Breadlines Knee Deep in Wheat Cover

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Breadlines Knee Deep in Wheat

Food Assistance in the Great Depression

Janet Poppendieck

At no time during the Great Depression was the contradiction between agriculture surplus and widespread hunger more wrenchingly graphic than in the government's attempt to raise pork prices through the mass slaughter of miliions of "unripe" little pigs. This contradiction was widely perceived as a "paradox." In fact, as Janet Poppendieck makes clear in this newly expanded and updated volume, it was a normal, predictable working of an economic system rendered extreme by the Depression. The notion of paradox, however, captured the imagination of the public and policy makers, and it was to this definition of the problem that surplus commodities distribution programs in the Hoover and Roosevelt administrations were addressed.

This book explains in readable narrative how the New Deal food assistance effort, originally conceived as a relief measure for poor people, became a program designed to raise the incomes of commercial farmers. In a broader sense, the book explains how the New Deal years were formative for food assistance in subsequent administrations; it also examines the performance--or lack of performance--of subsequent in-kind relief programs.

Beginning with a brief survey of the history of the American farmer before the depression and the impact of the Depression on farmers, the author describes the development of Hoover assistance programs and the events at the end of that administration that shaped the "historical moment" seized by the early New Deal. Poppendieck goes on to analyze the food assistance policies and programs of the Roosevelt years, the particular series of events that culminated in the decision to purchase surplus agriculture products and distribute them to the poor, the institutionalization of this approach, the resutls achieved, and the interest groups formed. The book also looks at the takeover of food assistance by the U.S. Department of Agriculture and its gradual adaptation for use as a tool in the maintenance of farm income. Utliizing a wide variety of official and unofficial sources, the author reveals with unusual clarity the evolution from a policy directly responsive to the poor to a policy serving mainly democratic needs.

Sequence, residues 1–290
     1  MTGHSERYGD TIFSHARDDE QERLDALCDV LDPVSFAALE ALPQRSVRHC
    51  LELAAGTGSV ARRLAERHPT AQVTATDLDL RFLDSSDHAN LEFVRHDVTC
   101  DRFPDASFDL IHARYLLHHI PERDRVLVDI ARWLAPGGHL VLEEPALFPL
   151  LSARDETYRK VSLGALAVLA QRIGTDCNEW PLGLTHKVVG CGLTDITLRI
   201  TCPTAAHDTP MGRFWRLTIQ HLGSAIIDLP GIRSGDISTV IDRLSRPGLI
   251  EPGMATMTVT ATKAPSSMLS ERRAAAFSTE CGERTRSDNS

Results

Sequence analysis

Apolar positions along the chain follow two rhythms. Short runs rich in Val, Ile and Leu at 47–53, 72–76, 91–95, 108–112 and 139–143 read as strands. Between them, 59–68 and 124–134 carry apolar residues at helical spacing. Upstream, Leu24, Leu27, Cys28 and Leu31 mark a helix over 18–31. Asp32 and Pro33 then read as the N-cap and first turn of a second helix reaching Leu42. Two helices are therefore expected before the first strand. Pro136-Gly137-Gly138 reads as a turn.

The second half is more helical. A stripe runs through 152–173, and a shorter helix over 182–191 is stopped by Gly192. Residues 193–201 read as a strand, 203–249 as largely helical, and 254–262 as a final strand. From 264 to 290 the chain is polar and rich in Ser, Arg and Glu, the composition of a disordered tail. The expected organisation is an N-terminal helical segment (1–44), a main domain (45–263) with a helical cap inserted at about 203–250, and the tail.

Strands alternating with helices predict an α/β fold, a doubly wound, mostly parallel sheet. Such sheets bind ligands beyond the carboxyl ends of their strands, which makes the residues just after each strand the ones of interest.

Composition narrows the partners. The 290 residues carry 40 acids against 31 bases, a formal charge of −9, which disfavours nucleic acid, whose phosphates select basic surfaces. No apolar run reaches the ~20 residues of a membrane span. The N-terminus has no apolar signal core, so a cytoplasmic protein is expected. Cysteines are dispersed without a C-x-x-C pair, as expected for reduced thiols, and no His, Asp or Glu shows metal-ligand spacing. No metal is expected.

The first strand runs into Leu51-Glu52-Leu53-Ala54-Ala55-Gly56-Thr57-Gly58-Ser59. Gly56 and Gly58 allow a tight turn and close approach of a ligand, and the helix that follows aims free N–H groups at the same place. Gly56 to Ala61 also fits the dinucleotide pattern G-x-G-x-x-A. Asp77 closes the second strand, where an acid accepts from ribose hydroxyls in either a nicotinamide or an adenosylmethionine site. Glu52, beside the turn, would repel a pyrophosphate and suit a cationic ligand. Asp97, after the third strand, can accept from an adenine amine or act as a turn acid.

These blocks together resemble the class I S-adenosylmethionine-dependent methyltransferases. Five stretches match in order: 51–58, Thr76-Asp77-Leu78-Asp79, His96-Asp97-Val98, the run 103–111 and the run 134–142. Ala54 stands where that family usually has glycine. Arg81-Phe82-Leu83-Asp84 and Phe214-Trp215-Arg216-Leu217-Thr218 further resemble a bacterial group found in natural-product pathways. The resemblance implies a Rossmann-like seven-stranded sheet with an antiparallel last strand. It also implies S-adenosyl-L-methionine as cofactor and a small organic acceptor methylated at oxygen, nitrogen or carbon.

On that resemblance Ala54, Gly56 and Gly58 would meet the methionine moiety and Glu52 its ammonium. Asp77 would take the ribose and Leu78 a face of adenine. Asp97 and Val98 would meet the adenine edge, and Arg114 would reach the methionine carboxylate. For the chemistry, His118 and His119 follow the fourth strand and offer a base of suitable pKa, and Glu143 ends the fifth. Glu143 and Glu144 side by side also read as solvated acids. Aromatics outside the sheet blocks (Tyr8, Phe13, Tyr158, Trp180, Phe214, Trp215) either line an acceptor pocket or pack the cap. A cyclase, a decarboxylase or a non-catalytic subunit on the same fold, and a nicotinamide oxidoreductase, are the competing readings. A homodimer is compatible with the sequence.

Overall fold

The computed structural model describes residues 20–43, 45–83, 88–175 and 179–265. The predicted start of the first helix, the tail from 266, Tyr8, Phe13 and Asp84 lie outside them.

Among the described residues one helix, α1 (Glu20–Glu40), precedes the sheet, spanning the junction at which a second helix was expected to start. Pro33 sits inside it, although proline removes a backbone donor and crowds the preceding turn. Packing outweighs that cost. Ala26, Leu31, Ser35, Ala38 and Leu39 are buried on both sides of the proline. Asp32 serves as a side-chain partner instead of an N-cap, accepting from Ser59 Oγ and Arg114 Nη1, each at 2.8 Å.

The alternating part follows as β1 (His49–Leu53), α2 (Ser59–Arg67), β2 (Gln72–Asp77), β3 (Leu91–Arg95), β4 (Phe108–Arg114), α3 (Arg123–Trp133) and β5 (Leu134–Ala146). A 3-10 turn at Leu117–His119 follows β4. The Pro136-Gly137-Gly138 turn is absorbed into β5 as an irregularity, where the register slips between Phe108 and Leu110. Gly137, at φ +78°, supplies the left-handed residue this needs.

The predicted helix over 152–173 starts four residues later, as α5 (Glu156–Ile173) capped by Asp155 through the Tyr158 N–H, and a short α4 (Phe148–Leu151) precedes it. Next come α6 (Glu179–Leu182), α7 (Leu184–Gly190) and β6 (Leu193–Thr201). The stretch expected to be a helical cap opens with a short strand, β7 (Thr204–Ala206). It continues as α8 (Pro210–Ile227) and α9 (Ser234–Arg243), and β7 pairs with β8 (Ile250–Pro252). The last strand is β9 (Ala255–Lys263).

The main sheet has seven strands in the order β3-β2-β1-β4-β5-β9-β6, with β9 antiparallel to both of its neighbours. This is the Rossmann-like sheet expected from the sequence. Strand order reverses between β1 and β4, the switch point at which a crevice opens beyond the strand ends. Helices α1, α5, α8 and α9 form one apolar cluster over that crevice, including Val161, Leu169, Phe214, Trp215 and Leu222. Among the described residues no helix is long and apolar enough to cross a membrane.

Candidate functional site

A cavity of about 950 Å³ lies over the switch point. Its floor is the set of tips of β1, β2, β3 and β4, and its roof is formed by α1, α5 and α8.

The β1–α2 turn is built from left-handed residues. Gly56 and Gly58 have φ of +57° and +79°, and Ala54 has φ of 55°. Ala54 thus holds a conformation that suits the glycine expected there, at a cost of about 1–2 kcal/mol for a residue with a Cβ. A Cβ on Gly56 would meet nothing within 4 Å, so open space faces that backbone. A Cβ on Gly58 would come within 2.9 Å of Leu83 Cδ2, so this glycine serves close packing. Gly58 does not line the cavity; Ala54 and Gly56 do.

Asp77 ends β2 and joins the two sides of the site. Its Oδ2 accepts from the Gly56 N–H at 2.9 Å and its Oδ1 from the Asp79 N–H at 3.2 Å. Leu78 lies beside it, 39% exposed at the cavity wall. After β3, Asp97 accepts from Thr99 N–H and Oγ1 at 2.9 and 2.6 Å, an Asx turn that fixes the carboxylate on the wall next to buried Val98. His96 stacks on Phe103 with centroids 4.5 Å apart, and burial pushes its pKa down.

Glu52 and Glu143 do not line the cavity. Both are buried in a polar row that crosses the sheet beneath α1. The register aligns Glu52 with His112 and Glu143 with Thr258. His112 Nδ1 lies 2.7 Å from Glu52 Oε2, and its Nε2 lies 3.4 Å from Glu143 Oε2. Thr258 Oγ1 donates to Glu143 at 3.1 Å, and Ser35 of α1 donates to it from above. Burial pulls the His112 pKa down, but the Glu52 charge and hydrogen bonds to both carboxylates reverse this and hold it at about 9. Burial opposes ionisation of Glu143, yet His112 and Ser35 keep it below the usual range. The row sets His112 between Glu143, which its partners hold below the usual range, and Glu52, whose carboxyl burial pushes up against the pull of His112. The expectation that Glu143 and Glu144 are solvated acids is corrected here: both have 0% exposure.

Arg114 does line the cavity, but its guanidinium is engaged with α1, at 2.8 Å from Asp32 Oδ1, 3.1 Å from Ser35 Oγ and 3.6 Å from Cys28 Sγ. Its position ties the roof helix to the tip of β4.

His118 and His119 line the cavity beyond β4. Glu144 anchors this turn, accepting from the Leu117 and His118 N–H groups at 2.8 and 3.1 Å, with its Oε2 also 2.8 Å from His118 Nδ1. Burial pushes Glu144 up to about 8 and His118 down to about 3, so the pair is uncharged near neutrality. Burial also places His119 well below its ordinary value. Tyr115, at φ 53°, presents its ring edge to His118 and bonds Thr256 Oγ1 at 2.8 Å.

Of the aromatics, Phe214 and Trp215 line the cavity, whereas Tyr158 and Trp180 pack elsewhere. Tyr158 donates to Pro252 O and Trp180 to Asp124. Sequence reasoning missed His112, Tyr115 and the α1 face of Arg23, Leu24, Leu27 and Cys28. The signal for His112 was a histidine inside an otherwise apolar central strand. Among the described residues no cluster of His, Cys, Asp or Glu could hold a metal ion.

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Breweries of Wisconsin

Jerry Apps

The story of the Dairy State’s other major industry—beer!  From the immigrants who started brewing here during territorial days to the modern industrial giants, this is the history, the folklore, the architecture, the advertising, and the characters that made Wisconsin the nation’s brewing leader. Updated with the latest trends on the Wisconsin brewing scene.



 "Apps adeptly combines diligent scholarship with fascinating anecdotes, vividly portraying brewmasters, beer barons, saloonkeepers, and corporate raiders. All this plus color reproductions of popular beer labels and a detailed recipe for home brew."—Wisconsin Magazine of History


"In a highly readable style Apps links together ethnic influence, agriculture, geography, natural resources, meteorology, changing technology, and transportation to explore some of the mystique, romance and folklore associated with beer from antiquity to the present day in Wisconsin."—The Brewers Bulletin

Chili Queen Cover

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Chili Queen

Mi historia

Marian L. Martinello

“It happened on the plaza that never slept—my favorite place in the whole of the city,” writes Lupe Pérez, to begin her memoir.

A mix of historical fact, vintage photos and maps, recipes, music, folklore, and south Texan culture, Lupe’s story offers an eyewitness account of life on Military Plaza in San Antonio during the 1880s.